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NW Fishletter #368, April 3, 2017
 NASA Tests Snow-Sensing Technologies To Improve Water Supply Forecasts
Accurately measuring how much snow is on the ground and how water is stored in that snow is still a challenge for scientists.
NASA is working on changing that. On Feb. 16, the agency announced it had completed its first flights in a multi-year research effort to ascertain which technologies work best to measure snow in different conditions.
The research campaign, called SnowEx, is being conducted in Grand Mesa, Colo. The location was chosen for its varying forest-cover densities.
Having accurate and available measurements is key to forecasting in the Northwest, where most of the annual streamflow for drinking water, hydropower, fish and irrigation comes from mountain snow pack.
"While the results are a long way off, they could be helpful in our region," said Kevin Berghoff, a hydrologist with the Northwest River Forecast Center.
Detecting snow through trees and occasional vandalism to equipment can be problems in the Northwest, where remote and usually high-elevation SNOTEL sites rely on sensors to measure precipitation and temperatures, which are then transmitted via radio signal to recording stations.
This year's conditions highlight another problem, Berghoff told NW Fishletter. "We don't have a good handle on the amount of snow we have at lower elevations."
In parts of the Snake River basin, there have been record amounts of snow at high elevations. But there are no good estimates of how much has accumulated at lower levels, making it difficult to predict run-off volumes and potential flooding, Berghoff said.
The NASA research could make a difference if it gives us more clues on lower-elevation snow, he said.
Smiley Mtn. SNOTEL, Idaho, 9,520 ft. Credit: Natural Resources Conservation Service
According to a NASA news statement, satellites have so far been unreliable in determining the snow-water equivalent (SWE), which is the amount of water the snowpack holds.
Currently, SWE can be measured in the field or calculated using a combination of remote sensing observations and modeling, as is done in the Northwest.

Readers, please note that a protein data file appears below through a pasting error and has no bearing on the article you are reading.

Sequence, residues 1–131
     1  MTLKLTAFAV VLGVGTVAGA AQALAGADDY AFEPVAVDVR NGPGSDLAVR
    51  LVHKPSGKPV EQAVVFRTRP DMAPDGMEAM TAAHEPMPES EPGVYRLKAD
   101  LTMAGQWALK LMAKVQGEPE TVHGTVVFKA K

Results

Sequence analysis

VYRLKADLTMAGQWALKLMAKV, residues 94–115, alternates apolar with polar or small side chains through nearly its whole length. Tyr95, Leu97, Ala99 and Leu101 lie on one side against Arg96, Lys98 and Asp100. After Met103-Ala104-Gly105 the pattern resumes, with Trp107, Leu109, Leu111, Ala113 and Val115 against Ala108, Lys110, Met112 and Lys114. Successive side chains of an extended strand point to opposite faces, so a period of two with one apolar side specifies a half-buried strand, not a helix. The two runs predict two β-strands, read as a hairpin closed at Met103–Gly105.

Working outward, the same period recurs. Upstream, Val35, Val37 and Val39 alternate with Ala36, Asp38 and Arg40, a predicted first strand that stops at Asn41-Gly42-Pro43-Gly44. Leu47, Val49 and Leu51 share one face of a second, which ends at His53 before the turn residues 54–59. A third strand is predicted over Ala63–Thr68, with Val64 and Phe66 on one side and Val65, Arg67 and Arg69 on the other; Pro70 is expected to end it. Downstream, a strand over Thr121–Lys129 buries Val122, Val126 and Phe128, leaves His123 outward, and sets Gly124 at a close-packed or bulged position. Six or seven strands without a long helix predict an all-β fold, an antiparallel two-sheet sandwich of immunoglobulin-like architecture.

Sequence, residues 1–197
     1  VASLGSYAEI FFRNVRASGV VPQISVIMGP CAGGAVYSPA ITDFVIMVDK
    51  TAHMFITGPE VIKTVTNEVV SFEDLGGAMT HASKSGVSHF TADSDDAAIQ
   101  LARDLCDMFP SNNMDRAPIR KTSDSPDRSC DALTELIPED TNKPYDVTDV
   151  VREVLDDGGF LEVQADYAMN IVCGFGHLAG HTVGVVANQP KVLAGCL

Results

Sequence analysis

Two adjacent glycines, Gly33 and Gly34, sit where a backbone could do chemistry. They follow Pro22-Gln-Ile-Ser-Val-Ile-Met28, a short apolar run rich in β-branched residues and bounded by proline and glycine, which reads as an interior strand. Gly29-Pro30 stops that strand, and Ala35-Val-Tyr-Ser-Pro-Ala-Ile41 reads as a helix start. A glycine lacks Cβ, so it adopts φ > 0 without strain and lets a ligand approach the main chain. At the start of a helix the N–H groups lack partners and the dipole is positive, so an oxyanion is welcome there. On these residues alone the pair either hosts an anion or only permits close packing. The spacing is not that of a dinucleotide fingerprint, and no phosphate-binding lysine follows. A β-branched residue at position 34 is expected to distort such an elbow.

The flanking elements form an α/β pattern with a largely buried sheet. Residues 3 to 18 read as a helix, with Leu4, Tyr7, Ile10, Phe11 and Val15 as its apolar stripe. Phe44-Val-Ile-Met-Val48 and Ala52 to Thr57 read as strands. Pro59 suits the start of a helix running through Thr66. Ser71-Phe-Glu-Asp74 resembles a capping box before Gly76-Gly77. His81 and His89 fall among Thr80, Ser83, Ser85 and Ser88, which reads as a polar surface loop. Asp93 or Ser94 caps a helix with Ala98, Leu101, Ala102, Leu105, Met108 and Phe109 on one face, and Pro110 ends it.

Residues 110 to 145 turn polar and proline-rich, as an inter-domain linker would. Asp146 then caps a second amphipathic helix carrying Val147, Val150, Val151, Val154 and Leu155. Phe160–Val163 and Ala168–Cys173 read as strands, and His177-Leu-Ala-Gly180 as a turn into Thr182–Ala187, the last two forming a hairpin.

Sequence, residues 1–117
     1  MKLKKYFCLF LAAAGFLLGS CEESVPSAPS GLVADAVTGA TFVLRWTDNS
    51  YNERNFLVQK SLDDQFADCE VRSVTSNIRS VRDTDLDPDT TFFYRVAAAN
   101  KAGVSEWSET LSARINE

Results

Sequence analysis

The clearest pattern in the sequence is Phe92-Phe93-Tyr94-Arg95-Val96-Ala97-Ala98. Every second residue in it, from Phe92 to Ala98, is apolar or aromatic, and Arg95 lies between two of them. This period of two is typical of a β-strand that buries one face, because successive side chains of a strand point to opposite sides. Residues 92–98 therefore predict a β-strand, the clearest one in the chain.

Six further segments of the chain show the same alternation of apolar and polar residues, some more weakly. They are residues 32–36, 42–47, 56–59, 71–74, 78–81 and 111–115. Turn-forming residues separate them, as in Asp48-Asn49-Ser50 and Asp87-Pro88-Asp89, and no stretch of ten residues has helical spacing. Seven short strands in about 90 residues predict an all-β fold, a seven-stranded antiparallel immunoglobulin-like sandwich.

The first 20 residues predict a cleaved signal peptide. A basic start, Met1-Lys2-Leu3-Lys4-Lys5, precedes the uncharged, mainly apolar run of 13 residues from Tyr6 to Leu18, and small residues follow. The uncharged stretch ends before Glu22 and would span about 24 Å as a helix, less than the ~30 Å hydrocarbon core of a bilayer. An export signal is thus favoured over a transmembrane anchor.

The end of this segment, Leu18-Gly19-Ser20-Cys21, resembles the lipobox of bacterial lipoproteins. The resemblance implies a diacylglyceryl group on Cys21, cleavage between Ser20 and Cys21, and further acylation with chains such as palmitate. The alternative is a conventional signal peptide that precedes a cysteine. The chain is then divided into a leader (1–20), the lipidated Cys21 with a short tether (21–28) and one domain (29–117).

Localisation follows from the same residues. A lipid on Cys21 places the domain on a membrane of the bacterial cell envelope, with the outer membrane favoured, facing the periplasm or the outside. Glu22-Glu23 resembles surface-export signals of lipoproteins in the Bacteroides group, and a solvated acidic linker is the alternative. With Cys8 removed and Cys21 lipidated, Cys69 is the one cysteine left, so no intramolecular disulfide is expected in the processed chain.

NASA research flights will carry a range of remote-sensing instruments, including microwave sensors that measure SWE in dry snow; thermal infrared cameras and remote thermometers for calculating surface temperature; and laser devices that measure snow depth.
Another important device on board will be an imaging spectrometer that measures snow albedo--the amount of sunlight reflected and absorbed by snow, which determines the speed of snowmelt and runoff timing.
With changes in the climate and different rates and timing of snowmelt, the information collected by an imaging spectrometer could have a far-reaching impact. Changes in snowmelt patterns can affect spring flooding, stream temperatures and water supplies.
NASA and its team of cooperating scientists from across the United States and elsewhere will evaluate how each sensor performs in measuring snowpack and its properties and how the sensors could best work together.
The knowledge gleaned from these multiple-sensor flights will be used to shape a space-based mission to measure snow across the earth, according to the NASA news statement. It will also help in figuring out how measurements from existing satellites that are designed for other purposes could be used to evaluate global snow-water equivalents.
This past fall the NASA research program flew a lidar device to determine baseline pre-snow conditions. Incorporated in the research is a thorough ground-truthing program of field measurements and sampling that will validate sensor data.
Meanwhile, in the Northwest, the best information available indicates this year's snowpack in the Columbia basin and west of the Cascades is significantly above average. Hydrologists and meteorologists hope they are working with good numbers that can help regional managers handle runoff, water supply and reservoir storage. -Laura Berg
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